HONOLULU (HawaiiNewsNow) - Air tours and flight schools know that TFR's or temporary flight restrictions just come with the territory when there's a presidential visit.
They were hoping that secret service and others would do a little compromising and it worked.
Mark Jones is flying pretty high right now... happy that, this Christmas, he'll be back in business.
"Last year, we were effectively shut down," Jones said.
Transportation security officials banned flight schools, like Jones' "Moore Air," from flying to and from Kalaeloa airstrip during the president's entire two-week stay in Hawaii. Jones' company lost about $40,000. Local air operators estimate a combined loss of about half-a-million.
This time around, the General Aviation Council of Hawaii met with the TSA, the FAA and secret service to hammer out a workable plan that will keep the president safe while keeping businesses flying.
There will be a 10-mile "no fly zone" around the Obamas' vacation home in Kailua and a 30-mile ring past that with limited flights.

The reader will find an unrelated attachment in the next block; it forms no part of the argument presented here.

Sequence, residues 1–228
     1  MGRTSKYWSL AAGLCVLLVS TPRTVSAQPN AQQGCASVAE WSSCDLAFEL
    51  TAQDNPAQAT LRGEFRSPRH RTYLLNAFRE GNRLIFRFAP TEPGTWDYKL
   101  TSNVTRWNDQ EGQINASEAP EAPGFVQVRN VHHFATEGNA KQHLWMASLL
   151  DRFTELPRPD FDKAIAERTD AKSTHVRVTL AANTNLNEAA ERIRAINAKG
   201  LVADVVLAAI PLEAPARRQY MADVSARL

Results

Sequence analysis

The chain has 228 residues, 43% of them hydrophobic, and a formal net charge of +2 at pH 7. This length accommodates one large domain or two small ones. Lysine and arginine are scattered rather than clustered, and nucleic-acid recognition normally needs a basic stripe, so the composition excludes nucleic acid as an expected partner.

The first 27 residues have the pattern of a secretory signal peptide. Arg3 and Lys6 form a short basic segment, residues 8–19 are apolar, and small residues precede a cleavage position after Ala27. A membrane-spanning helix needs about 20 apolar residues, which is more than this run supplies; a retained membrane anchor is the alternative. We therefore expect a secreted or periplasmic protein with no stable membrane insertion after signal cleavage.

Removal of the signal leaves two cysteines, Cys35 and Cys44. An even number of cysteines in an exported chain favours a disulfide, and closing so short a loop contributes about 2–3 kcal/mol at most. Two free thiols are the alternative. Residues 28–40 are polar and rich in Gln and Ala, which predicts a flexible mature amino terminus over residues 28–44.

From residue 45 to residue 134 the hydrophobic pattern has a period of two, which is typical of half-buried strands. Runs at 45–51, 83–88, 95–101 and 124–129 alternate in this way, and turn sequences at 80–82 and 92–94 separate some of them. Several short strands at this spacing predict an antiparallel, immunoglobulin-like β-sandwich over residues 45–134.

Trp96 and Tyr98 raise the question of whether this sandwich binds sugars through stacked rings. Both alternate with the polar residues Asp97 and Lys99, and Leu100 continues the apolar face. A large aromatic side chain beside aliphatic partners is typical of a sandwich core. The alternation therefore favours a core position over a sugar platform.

"For example, a person can't just get in their airplane and go fly now. You have to be on a flight plan. And you have a bunch of other requirements," General Aviation Council of Hawaii's Joe Kiefer said.
Talks between security officials and local air operators actually began after the Obamas' last Christmas visit here. The local operators seemed generally pleased with the cooperation.
Operators will have to provide names of all their students and flight instructors who will be flying during that period to TSA and they can't offer any introductory lessons to foreign students. Certain flying skills will also be banned.
"We can't go on out in the area and just maneuver and do turns because it concerns the security agencies when we start turning the plane where the President is located," Jones said.
The eased restrictions allow for tour operators to fly five different tourist routes around Oahu while working within security constraints.